This article is part of a series, find out about dials here.
Time is complicated. In my other articles in the dials series, I spent a column on the speeding up and slowing down of time.
I can’t really do that here. We need to look at it from a different perspective because how you implement it in a session is different.
All of the previous dials are things you’ve set about how your game works. Time is different to that. You’re already fiddling with it. You do it all the time.
If you’ve ever said ‘And we skip to the next morning’, you’ve moved the time dial up for a moment then put it back. So we need to first instead look at what we are doing when we move a time dial – the reasons, techniques and outcomes.
Stop. Hammer Time!
Most games at some point have moments where seconds of action are represented by minutes or hours of dice rolling for players: the natural flow of ‘in game’ time is slowed, often during conflict.
Rather than a single roll to overcome a challenge, we need to have a back and forth between opposing sides that must be investigated. This is largely to do with focus.
If a game cares about a thing and wants to invest a level of detail into it, then it tends to add more rules. This operates like a movie set piece, taking a long period of real-time conveys a sense of meaning for us: we have spent time on this combat, that denotes it is a focal point.
As a GM, I tend to lean into these mechanics almost subconsciously – if a game takes rounds for a combat and allows each player a turn, then I will describe the cut and thrust of every moment, describing every strike. Each second is filled with intent, usually codified by an initiative style structure and I intend to spend the time letting players see every move.
I might not describe it as slow-motion but the structure of the game is making us pause occasionally to roll dice then describing the action beat by beat. Time is being approached in a slower fashion in the narrative.
There are things that can go wrong here. We can also begin to feel like everything is slowing down in our heads.
If every moment isn’t filled with intent, then the broken nature of the combat cycle can really feel stodgy, and at that point, we need to make the moments hit harder and pile the pressure on. This takes the rhythm up a gear, the seconds long descriptions are no longer ‘and a hit happens’ but a staccato flow of actions beats that are rattling along in seconds of time.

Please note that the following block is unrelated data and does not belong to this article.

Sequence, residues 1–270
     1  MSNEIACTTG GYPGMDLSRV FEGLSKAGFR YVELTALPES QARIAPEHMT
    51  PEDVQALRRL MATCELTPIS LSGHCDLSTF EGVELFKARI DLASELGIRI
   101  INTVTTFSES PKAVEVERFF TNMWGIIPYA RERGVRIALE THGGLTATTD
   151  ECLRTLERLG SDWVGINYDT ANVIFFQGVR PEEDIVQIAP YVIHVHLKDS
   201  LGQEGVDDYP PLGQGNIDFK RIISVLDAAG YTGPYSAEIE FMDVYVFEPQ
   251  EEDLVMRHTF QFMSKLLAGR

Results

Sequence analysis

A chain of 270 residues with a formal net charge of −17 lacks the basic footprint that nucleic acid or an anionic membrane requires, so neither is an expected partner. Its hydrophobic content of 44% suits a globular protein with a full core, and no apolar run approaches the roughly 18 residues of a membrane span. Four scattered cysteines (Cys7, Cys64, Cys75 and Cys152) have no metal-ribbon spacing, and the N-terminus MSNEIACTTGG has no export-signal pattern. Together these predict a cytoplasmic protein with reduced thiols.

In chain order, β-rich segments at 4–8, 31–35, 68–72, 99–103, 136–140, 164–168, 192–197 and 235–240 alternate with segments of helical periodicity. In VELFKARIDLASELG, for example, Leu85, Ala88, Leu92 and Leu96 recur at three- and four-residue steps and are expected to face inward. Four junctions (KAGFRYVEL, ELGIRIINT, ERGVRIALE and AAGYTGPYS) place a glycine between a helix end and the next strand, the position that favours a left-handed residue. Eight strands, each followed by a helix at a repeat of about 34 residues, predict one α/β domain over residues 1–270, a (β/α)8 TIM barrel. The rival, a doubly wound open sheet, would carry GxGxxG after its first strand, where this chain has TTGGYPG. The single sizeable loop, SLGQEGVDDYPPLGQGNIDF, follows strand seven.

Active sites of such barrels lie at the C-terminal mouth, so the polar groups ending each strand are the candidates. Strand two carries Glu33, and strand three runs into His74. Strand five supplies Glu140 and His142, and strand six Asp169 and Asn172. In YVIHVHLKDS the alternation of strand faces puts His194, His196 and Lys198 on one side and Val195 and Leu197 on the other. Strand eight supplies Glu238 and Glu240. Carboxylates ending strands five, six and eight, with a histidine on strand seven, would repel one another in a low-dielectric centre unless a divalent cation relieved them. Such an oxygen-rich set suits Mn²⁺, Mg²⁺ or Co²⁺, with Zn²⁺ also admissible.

Let’s Do The Time Walk
Of course, this doesn’t just apply to combat. Some systems are interested in other things.
The Game Sigmata breaks down social situations into a series of back and forth tactics. Rather than having to give an impression of the conversation by saying one thing and rolling a dice, it suggests that each part of a conversation matters.
Each thing spoken has an intent – do you want to accomplish something through manipulation, force the point, or shield yourself from revealing that manipulation?
The game spends time slowing this down to real-time back and forth because it wants you to feel every second of pressure. It does similar things with stealth, chases and combat too. It knows what it wants to look at and take a moment with.
It’s important to notice when a game isn’t interested in slowing down time. A friend of mine quit a game of DND once and when I asked him why, he said that the GM wanted the players to continually remain in the initiative structure the whole game. While in a dungeon, conversation had to happen six seconds at a time and then you had to wait until your initiative to speak again. A long speech in an empty room was punctuated by a lot of ‘I delay’ until it got round to the speech-giver again. He said that such a breakdown of time destroyed his sense of immersion and his opportunity to just talk in character with other players. He never went back.
If you watch those mechanics, a game will tell you it’s not interested in a thing and you should adjust time accordingly.
In the game Uncharted Worlds, combat is usually over in a single dice roll: you won or lost, now you need to narrate what happened at the same speed you deal with the rest of the narrative. Because the game isn’t interested in breaking down the combat into a barrage of moment-by-moment sequences.
It wants to know who won, the outcome and how we got there but it considers lingering on the latter damaging to the narrative flow.
The whole game operates at that speed, giving it a different relationship with time – everything feels like it is happening at an unstoppable pace and the players can very quickly let a situation get out of hand.
So we can conclude that in relation to our game and our narrative, when we turn the time dial up and down, we are using it to create focus in an area of the game.
We’re engaging in our own moment of ‘bullet time’ or we are pulling back the camera and montaging a series of days together. We are telling our players what we are invested in.
And that’s the real important thing to take away here. If we are marking any kind of timekeeping, we are telling the players it matters that time is passing.
Some of the best adventures simply have a timeline of what the bad guys do. This imposes a structure of time onto the narrative that must be combated: the passage of time is important. If we do this, we have to make sure that the decisions they take within that ticking clock count and have consequences ready if they don’t act. Otherwise, it all falls apart.
The next article is going to be a more practical look at time-based techniques beyond the standard ‘slow down action, speed up downtime’ that can be used during your game.
What do you think? Measured observations are welcome and you can leave them in the comment section below.